Brief Bank # B-688 (Re: F 9.00 n6 [Can Assault With Hands Or Fists Be ADW].)
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COURT OF APPEAL FOR THE STATE OF CALIFORNIA
SIXTH APPELLATE DISTRICT
THE PEOPLE OF THE STATE OF CALIFORNIA
Plaintiff and Respondent,
Santa Clara County
v. Superior Court
JOHN DOE AND RICHARD ROE,
Defendants and Appellants.
APPELLANT DOE’S OPENING BRIEF
Appeal from the Judgment of the Superior Court
of the State of California
in and for Santa Clara County
HONORABLE DIANE NORTHWAY, JUDGE, PRESIDING
MEREDITH J. WATTS, #78520
Attorney at Law
P.O. Box 14346
San Francisco, CA 94114
Attorney for Appellant
(Assisted by Sixth District Appellate Program)
APPELLANT’S CONVICTION FOR ASSAULT WITH A DEADLY WEAPON
OR BY FORCE LIKELY TO PRODUCE GREAT BODILY INJURY SHOULD
BE REVERSED BECAUSE THE COURT INSTRUCTED THE JURY ON
A LEGALLY INCORRECT THEORY
A. INTRODUCTION. In count one, appellant was charged under section 245 with assault with a deadly weapon or by force likely to produce great bodily injury. There was no evidence whatsoever that appellant used any weapon in assaulting Mr. T. There was conflicting evidence whether appellant participated in the beating by kicking Mr. T. The court instructed the jury that this charge could be proved in one of two ways: by proof of an assault by the use of a deadly weapon or instrument, or of an assault by means of force likely to produce great bodily injury. (RT 879.) In light of the alternatives preserved in the instruction, the prosecutor argued to the jury that the act of kicking or hitting Mr. T with hands or feet would constitute the use of “deadly weapons.” (RT 890.) Given that hands and feet do not qualify as deadly weapons, the court allowed the issue to go to the jury on an incorrect legal theory. Such a legal error is reversible per se. Furthermore, there is a substantial likelihood that the jury relied upon this incorrect legal theory in convicting appellant.
B. HANDS AND FEET ARE NOT “DEADLY WEAPONS” WITHIN THE MEANING OF SECTION 245. It is a principle of very long standing in California law that hands and fists alone may be sufficient to support a conviction of assault by means of force likely to produce great bodily injury. (People v. Armstrong (1992) 8 Cal.App.4th 1060, 1066; In re Nirran W. (1989) 207 Cal.App.3d 1157, 1161; People v. Wingo (1975) 14 Cal.3d 169, 176; People v. Chavez (1968) 268 Cal.App.2d 381, 384; People v. Zankich (1961) 189 Cal.App.2d 54, 70 — “It is thoroughly settled in this state that an assault by means of ‘force likely to produce great bodily injury’ [citation] may be made by the use of hands or fists.”)
However, counsel has found no case in which hands, fists, or feet were deemed “deadly weapons” for purposes of this section. (See People v. Nealis (1991) 232 Cal.App.3d Supp.1, Supp.4, fn. 2, which catalogues all sorts of instruments found to be deadly weapons in the manner and circumstances of their use, including dogs.) And, such a distinction is sensible; assault with a deadly weapon requires by definition the use of some “object, instrument or weapon.” There would be no need to craft an interpretation of “object, instrument, or weapon” to include fists or feet, because an assault with one’s body can be prosecuted under the second part of the statutory provision, if it is done with force sufficient to inflict great bodily harm.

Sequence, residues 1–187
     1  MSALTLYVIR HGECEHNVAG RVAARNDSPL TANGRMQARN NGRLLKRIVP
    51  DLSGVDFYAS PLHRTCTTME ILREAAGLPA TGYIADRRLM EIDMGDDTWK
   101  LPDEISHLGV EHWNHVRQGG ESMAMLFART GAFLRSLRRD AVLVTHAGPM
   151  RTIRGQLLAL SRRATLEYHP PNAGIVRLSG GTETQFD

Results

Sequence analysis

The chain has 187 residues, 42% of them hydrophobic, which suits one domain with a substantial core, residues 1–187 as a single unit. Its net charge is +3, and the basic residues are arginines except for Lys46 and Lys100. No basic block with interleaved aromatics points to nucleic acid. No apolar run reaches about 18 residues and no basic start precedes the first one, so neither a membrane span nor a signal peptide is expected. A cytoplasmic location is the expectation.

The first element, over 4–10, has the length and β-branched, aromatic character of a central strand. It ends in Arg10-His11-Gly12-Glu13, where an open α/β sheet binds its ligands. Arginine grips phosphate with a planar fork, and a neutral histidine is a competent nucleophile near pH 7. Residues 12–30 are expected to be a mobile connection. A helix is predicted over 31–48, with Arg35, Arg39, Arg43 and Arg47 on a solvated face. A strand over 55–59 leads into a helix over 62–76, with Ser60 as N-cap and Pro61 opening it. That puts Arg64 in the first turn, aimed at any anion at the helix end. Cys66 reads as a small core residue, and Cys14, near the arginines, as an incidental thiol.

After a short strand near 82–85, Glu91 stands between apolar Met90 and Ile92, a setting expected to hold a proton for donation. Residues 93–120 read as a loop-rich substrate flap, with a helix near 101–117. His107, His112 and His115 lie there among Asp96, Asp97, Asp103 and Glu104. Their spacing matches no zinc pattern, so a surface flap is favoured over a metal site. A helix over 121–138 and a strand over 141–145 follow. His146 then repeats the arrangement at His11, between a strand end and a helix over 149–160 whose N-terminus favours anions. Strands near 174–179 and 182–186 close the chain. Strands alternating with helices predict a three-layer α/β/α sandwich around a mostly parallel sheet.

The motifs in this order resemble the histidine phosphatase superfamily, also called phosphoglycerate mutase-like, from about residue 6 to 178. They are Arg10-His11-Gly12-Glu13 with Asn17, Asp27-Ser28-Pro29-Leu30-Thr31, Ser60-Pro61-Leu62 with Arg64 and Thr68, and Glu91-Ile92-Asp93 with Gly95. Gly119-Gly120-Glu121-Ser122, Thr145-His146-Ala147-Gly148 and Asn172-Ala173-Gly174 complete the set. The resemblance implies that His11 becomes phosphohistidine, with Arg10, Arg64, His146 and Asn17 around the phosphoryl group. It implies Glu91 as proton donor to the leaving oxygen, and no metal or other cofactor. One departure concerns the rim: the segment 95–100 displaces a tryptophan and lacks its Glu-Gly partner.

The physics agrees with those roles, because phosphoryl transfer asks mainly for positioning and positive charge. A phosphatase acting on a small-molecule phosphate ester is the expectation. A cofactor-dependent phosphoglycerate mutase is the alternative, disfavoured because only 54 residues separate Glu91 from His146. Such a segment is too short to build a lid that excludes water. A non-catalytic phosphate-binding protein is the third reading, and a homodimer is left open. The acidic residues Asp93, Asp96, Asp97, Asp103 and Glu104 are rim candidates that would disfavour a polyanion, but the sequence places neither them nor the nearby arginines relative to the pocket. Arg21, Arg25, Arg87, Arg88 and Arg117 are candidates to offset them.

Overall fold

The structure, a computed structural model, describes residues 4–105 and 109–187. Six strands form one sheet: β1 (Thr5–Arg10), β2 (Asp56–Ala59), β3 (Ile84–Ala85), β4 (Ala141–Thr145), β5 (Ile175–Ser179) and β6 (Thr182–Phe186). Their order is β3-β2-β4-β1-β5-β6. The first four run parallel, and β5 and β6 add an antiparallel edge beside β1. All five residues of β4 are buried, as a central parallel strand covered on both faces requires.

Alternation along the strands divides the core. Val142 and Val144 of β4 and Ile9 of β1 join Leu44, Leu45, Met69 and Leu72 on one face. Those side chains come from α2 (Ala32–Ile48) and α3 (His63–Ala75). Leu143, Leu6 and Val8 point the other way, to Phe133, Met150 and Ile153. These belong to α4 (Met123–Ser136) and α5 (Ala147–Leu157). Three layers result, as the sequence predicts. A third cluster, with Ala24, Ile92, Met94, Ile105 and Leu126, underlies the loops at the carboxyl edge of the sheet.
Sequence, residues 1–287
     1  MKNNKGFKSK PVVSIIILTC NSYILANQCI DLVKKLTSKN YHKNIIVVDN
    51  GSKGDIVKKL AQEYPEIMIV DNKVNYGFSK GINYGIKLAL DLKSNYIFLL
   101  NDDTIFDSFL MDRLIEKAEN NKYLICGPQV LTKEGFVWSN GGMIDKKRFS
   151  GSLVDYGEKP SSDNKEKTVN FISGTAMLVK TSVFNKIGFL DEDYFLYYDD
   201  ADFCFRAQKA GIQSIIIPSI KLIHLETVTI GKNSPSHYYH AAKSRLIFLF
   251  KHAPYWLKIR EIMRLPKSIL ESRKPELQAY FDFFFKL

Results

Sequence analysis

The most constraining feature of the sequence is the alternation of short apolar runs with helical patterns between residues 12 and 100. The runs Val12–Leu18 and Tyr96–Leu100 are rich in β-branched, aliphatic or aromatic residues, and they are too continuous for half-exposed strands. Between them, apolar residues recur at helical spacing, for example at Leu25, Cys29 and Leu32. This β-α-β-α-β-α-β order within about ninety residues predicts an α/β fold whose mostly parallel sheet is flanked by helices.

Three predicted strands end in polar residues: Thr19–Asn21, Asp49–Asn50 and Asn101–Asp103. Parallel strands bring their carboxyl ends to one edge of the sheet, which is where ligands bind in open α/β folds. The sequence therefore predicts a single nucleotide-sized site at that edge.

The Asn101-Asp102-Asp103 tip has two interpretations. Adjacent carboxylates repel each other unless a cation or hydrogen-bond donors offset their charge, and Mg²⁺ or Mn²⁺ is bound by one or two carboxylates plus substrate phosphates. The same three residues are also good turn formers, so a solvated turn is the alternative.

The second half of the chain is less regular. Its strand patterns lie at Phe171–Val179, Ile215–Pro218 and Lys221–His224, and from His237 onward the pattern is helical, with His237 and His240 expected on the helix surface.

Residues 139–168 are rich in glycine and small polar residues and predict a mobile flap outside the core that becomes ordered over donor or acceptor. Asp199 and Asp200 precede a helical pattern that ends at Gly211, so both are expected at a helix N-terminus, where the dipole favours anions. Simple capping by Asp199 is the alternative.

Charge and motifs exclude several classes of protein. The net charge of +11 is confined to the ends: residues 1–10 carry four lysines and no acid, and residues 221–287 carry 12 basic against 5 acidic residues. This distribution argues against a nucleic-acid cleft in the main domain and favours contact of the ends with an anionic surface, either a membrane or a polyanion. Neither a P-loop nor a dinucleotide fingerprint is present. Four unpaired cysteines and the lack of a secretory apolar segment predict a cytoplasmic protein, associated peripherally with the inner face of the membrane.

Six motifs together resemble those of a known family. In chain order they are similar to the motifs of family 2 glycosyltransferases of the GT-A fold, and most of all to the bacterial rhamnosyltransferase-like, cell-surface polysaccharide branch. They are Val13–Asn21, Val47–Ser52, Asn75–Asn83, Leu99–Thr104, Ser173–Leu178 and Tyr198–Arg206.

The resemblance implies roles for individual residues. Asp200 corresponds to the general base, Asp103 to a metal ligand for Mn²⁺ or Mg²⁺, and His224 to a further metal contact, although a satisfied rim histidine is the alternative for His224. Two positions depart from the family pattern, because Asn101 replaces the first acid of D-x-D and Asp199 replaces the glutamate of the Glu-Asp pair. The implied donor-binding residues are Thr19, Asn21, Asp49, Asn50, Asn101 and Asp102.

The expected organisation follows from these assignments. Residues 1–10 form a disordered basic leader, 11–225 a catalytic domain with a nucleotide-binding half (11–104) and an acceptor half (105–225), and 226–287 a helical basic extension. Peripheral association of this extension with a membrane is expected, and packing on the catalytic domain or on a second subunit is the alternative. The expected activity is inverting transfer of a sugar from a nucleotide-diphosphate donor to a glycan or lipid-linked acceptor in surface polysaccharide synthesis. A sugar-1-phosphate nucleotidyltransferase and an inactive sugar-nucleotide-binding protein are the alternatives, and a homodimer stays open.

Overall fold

Therefore, it was reversible error for the court to instruct the jury that the crime charged in this case could be proved by resorting to the first prong of the statute — use of a deadly weapon — when no weapon was employed, because such a theory was plainly incorrect as a matter of law. (People v. Guiton (1992) 4 Cal.4th 1116, 1128.)
C. IT IS LIKELY THAT THE JURY RELIED UPON THE ERRONEOUS THEORY TO CONVICT APPELLANT. First, the prosecutor made a point of arguing the incorrect theory:
MR. BERNAL (The prosecutor): . . . So we know we have the assault; we know we have Mr. T beaten with a deadly weapon or weapons or instruments, or with force likely to produce great bodily injury.
And we definitely have that, I’ll explain that in just a moment. Hands and feet can be deadly weapons, and you don’t have to be a black belt in karate, like sometimes you see on television. It’s the manner in which the hand or feet are used. if they are used in such a manner that it could cause, could cause great bodily injury, then those become dangerous weapons. (RT 890.)
Therefore, the jury was specifically invited to view appellant’s feet as deadly weapons.
Second, there is a substantial question whether appellant delivered a blow sufficient to cause severe bodily injury at all, as is argued at length below. However, under the instruction as give, the jury could have concluded, based solely upon Mr P’s testimony and the prosecutor’s argument, that the mere act of kicking Mr. T constituted the use of a “deadly weapon,” and therefore sufficient factual support for a conviction on count one.
In sum, the jury was instructed on a legally incorrect theory, and invited by the prosecutor to use it. Because it is impossible to show on this record that the jury did not rely upon this legally inadequate theory in convicting appellant on count one, reversal is required. (People v. Guiton, supra, 4 Cal.4th at 1128 — cases involving a legally inadequate theory subject to the rule generally requiring reversal, adopting the holding in Griffin v. United States (1991) 502 U.S.___, ___, 116 L.Ed.2d 371, 382-383 — “When, therefore, jurors have been left the option of relying upon a legally inadequate theory, there is no reason to think that their own intelligence and expertise will save them from that error.”)